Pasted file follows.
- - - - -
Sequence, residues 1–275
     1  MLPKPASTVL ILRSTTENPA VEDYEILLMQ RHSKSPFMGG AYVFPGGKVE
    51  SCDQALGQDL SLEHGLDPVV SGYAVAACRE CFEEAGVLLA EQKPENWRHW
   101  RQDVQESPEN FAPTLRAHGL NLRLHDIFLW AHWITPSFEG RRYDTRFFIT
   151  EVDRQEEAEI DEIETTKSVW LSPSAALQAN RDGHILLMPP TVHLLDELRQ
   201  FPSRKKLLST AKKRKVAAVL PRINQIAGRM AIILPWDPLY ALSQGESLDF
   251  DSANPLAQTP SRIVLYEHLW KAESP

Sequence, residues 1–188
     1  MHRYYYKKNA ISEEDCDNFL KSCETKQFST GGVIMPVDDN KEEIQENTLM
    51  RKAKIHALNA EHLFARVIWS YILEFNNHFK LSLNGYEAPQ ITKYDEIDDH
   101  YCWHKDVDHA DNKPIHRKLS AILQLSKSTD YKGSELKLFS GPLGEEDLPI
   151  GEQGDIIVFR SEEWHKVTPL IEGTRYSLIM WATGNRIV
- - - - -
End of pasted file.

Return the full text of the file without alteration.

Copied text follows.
Sequence, residues 1–275
     1  MLPKPASTVL ILRSTTENPA VEDYEILLMQ RHSKSPFMGG AYVFPGGKVE
    51  SCDQALGQDL SLEHGLDPVV SGYAVAACRE CFEEAGVLLA EQKPENWRHW
   101  RQDVQESPEN FAPTLRAHGL NLRLHDIFLW AHWITPSFEG RRYDTRFFIT
   151  EVDRQEEAEI DEIETTKSVW LSPSAALQAN RDGHILLMPP TVHLLDELRQ
   201  FPSRKKLLST AKKRKVAAVL PRINQIAGRM AIILPWDPLY ALSQGESLDF
   251  DSANPLAQTP SRIVLYEHLW KAESP

Sequence, residues 1–188
     1  MHRYYYKKNA ISEEDCDNFL KSCETKQFST GGVIMPVDDN KEEIQENTLM
    51  RKAKIHALNA EHLFARVIWS YILEFNNHFK LSLNGYEAPQ ITKYDEIDDH
   101  YCWHKDVDHA DNKPIHRKLS AILQLSKSTD YKGSELKLFS GPLGEEDLPI
   151  GEQGDIIVFR SEEWHKVTPL IEGTRYSLIM WATGNRIV